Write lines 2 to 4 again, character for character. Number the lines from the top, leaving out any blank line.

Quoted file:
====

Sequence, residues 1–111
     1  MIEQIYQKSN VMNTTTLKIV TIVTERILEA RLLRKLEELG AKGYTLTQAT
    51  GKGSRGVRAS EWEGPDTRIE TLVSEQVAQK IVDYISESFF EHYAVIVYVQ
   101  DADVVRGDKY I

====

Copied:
     1  MIEQIYQKSN VMNTTTLKIV TIVTERILEA RLLRKLEELG AKGYTLTQAT
    51  GKGSRGVRAS EWEGPDTRIE TLVSEQVAQK IVDYISESFF EHYAVIVYVQ
   101  DADVVRGDKY I